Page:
Customer Relationships Are More Than Skin-Deep: Quantifying the Value

There are a lot of businesses that rely on repeat business from existing customers (at Interactive Intelligence, some 60+% of our product sales comes from existing customers). This repeat business might be an existing customer buying more of the same, or a customers purchasing additional product or services that are a part of your broader portfolio.

Along these lines, it’s long been know that it is more expensive to obtain a new customer than it is to retain an existing one. Yet, too few companies really take the time to analyze the relationships they have with their customers. All customers aren’t alike. All customer relationships aren’t alike. One customer might consider you a critically integral part of their business, while another might say, "yeah, I think we’ve bought something from them before."

So what is the right way to measure and value the relationship you have with a customer. Instead of making it one dimensional, I like the three dimension approach that consulting firm Peppers&Rogers uses. They say that companies should look at the following three dimensions of the relationship with their customers:

  • Length of the relationship — How long have you been doing business with the particular customer
  • Breadth of the relationship — How many different products and services does the customer buy from you
  • Depth of the relationship — What is the overall financial revenue impact the customer has with you

What I like about this is it gives a business the ability to affect more of the customer relationship than the simple yes/no question, "Are they a customer of ours?" Now you can look at selling them additional new product, getting them to be repeat buyers over longer periods of time, etc.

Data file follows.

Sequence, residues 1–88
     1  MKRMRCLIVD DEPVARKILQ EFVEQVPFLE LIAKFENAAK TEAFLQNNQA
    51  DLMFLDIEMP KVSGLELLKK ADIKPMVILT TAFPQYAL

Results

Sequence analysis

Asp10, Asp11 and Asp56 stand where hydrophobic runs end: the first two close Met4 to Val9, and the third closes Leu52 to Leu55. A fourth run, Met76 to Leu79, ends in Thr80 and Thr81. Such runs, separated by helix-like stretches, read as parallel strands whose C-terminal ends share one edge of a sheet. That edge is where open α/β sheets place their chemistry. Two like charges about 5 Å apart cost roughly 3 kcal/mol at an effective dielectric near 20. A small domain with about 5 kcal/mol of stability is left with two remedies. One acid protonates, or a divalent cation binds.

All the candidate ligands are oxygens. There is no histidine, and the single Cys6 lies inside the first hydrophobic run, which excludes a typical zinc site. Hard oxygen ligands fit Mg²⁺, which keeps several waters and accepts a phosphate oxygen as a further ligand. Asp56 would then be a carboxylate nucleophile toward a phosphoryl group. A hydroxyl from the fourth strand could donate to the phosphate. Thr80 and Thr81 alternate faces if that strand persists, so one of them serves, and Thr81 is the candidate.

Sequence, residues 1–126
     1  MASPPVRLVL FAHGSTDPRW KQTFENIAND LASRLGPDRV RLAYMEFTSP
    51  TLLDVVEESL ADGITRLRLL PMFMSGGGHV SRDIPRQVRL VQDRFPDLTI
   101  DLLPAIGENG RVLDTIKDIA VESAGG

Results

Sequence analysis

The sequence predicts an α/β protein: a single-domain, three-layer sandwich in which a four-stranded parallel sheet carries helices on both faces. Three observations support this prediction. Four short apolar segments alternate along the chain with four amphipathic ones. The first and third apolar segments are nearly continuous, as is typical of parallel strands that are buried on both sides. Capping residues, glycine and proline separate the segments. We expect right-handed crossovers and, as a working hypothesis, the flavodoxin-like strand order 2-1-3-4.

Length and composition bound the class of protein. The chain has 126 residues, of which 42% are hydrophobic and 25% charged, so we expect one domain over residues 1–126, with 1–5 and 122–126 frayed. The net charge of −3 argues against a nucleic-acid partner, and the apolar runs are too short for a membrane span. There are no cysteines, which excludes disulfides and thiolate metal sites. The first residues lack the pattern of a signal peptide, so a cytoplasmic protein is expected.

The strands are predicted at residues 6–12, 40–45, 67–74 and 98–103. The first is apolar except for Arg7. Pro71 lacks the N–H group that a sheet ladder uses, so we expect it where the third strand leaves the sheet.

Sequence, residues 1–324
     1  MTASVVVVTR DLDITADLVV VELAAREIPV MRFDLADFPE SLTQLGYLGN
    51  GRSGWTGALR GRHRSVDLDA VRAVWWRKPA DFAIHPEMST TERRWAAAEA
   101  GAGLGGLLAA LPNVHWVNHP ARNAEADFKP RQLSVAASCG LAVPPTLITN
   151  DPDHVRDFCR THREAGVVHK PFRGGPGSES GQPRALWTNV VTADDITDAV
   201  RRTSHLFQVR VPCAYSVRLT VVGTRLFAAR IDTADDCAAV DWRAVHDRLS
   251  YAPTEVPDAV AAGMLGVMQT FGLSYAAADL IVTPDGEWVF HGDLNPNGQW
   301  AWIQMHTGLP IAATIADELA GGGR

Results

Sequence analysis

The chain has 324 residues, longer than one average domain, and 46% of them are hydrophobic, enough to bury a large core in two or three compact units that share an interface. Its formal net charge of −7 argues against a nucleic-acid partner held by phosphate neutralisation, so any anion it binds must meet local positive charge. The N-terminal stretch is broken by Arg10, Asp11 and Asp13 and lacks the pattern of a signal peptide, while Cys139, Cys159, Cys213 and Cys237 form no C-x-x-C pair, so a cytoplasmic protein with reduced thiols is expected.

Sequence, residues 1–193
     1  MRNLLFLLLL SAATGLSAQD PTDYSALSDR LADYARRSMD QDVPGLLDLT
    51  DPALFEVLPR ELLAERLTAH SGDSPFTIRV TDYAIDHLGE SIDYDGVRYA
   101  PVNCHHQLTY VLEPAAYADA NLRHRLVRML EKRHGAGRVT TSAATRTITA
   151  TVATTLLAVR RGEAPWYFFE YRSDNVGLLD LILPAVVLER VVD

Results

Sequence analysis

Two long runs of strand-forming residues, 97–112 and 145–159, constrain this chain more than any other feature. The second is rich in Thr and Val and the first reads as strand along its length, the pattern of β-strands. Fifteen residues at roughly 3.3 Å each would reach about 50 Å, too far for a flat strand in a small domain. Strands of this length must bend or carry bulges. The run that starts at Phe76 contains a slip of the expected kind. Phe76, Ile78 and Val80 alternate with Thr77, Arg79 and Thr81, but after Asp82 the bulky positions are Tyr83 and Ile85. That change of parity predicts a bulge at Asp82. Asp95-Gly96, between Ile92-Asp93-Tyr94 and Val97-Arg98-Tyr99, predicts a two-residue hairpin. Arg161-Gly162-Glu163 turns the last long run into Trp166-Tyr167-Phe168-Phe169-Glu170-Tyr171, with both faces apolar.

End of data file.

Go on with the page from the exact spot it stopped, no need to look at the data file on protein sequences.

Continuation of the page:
Does technology play into this approach? Absolutely. Here are just a few ways…

1. Segment your customer base based upon length/breadth/depth of the relationship and be sure your routing and prioritization favors your most important customers.

2. Implement automated scripts to cross-sell and up-sell, primarily targeted at improving the "breadth" of the relationship.

3. Improve the profile detail you keep about each customer so you can track progress as you work to improve the length/breadth/depth of the relationships.

Bottom-line is that this customer value approach allows you to focus on your most important customers. The adage of "we treat all our customers the same" is a bunch of hooey! You want to treat your most important customers the best. You want them to work with your best agents/employees. You want them to get served first. To do that you need to know who they are, based on a multi-faceted criteria and then you need to use great technology to make sure you’re able to take the best care of them possible.

Any other viewpoints? Any other thoughts about how technology can be used to better serve your most important customers. Chime in! Click on the comment box.

Joe Staples — Soaking up the 101 degree sun in Salt Lake City